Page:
Wednesday, November 27, 2013

Intake Matters: For his kids' sake

By Intake & Resident Specialist Holly Gardner
Mr. G and his two baby daughters were referred to us from City Union Mission 10/2/13. After going through the screening process, I assisted his move in to Community LINC on 10/10/13.
As all families do, Mr. G shared his story and the unique and personal experiences that led him to our door.  The most impactful was surviving a violent crime and healing from a recent gunshot wound. This is a long process and along the way he has lost some support from family and friends who didn’t have the resources and or time it took to be “family” for him and his two beautiful girls.
When he walked in the door, he sat down in my office and strongly advocated for his children.  He is seeking employment and has current job prospects.  He wants to build a new and more stable life and find extended family for his little girls. This communication came through very strongly and I have no doubt that Mr. G is on the right path.
Although he is just entering our program, I chose to highlight him and his daughters…the success is this very moment in time, not so much what is to be, but the gift of what he now has. This is what I saw in his eyes as I handed him his key.
I feel so privileged to be a small part of this organization and look forward to his journey as we continue to coach and wrap our arms around his family.

Wednesday, November 20, 2013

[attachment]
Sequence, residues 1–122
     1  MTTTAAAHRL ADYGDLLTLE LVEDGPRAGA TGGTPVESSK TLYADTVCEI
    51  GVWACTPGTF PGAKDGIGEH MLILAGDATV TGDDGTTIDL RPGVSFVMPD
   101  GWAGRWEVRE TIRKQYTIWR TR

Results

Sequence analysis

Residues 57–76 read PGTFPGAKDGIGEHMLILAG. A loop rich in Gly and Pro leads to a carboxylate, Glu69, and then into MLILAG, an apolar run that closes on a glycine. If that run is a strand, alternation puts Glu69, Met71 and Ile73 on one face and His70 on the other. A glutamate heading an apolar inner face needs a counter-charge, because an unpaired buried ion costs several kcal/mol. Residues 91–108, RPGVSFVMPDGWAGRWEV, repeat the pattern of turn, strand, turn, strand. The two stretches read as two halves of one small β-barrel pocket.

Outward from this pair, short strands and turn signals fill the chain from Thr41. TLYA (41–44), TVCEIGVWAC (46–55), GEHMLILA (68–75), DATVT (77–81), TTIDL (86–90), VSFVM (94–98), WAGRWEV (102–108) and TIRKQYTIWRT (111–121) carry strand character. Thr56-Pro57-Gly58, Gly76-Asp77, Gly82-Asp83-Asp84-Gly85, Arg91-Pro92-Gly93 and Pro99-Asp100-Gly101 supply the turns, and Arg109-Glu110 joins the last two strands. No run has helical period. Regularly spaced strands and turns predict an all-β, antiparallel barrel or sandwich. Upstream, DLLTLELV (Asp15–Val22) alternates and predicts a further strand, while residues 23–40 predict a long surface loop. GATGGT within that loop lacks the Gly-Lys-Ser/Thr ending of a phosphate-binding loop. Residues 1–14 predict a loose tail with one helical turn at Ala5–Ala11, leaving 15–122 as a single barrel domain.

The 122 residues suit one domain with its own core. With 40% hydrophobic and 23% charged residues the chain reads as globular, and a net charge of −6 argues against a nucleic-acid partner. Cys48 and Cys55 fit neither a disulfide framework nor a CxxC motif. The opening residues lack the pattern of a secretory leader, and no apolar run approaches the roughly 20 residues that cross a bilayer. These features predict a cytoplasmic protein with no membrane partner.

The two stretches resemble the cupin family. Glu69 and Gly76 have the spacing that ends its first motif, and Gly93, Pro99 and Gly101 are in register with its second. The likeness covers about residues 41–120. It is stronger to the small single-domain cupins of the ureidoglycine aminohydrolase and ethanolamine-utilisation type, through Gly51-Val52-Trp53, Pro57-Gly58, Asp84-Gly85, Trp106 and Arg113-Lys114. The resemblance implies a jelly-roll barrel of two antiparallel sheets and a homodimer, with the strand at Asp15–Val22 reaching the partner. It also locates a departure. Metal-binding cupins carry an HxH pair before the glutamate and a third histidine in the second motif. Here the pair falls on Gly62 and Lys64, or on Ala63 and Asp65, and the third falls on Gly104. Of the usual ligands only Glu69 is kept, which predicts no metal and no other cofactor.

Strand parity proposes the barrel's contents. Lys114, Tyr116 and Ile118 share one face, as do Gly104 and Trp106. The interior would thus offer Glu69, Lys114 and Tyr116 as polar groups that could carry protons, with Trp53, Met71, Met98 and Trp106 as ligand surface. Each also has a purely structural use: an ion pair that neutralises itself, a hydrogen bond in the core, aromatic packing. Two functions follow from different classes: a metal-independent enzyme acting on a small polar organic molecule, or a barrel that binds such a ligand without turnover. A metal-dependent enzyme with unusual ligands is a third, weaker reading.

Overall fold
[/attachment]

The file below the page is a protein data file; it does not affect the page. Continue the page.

Program Matters: How Far Do We Go?

By Senior Director of Programs and Operations Jeannine Short
In response to the Federal 10-year plan to end homelessness, Community LINC has realigned its programs and service delivery model with the objective of serving more homeless families.  To this end, we have adopted the rapid rehousing and housing-first models and their consequent paradigms…. Well, at least to some degree.
In general, these paradigms purport that: 1) homeless persons are more receptive to services provided in their own environment, 2) homeless persons need not be made “housing-ready”, 3) issues, such as substance abuse and mental illness, should not be barriers to housing, and 4) embraces a “harm reduction” methodology which challenges the rigidity of long-standing rules and regulations. While these models are gaining wide acceptance throughout the social service industry at large, the approaches are still relatively new and the long-term impact currently unknown.